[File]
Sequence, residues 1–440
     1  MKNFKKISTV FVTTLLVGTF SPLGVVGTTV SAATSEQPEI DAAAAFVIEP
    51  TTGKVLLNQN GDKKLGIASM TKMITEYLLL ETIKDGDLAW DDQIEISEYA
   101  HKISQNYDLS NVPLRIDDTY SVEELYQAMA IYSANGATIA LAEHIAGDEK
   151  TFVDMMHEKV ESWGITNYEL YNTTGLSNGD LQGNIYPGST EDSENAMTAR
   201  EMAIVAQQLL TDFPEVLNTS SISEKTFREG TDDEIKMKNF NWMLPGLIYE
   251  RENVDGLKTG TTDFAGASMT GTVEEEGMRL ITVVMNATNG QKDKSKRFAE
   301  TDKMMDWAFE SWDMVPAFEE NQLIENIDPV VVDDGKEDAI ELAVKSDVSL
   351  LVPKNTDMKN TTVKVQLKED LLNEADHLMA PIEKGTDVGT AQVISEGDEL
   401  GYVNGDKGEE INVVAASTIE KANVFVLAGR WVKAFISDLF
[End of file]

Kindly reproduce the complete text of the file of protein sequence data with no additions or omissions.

Sequence, residues 1–440
     1  MKNFKKISTV FVTTLLVGTF SPLGVVGTTV SAATSEQPEI DAAAAFVIEP
    51  TTGKVLLNQN GDKKLGIASM TKMITEYLLL ETIKDGDLAW DDQIEISEYA
   101  HKISQNYDLS NVPLRIDDTY SVEELYQAMA IYSANGATIA LAEHIAGDEK
   151  TFVDMMHEKV ESWGITNYEL YNTTGLSNGD LQGNIYPGST EDSENAMTAR
   201  EMAIVAQQLL TDFPEVLNTS SISEKTFREG TDDEIKMKNF NWMLPGLIYE
   251  RENVDGLKTG TTDFAGASMT GTVEEEGMRL ITVVMNATNG QKDKSKRFAE
   301  TDKMMDWAFE SWDMVPAFEE NQLIENIDPV VVDDGKEDAI ELAVKSDVSL
   351  LVPKNTDMKN TTVKVQLKED LLNEADHLMA PIEKGTDVGT AQVISEGDEL
   401  GYVNGDKGEE INVVAASTIE KANVFVLAGR WVKAFISDLF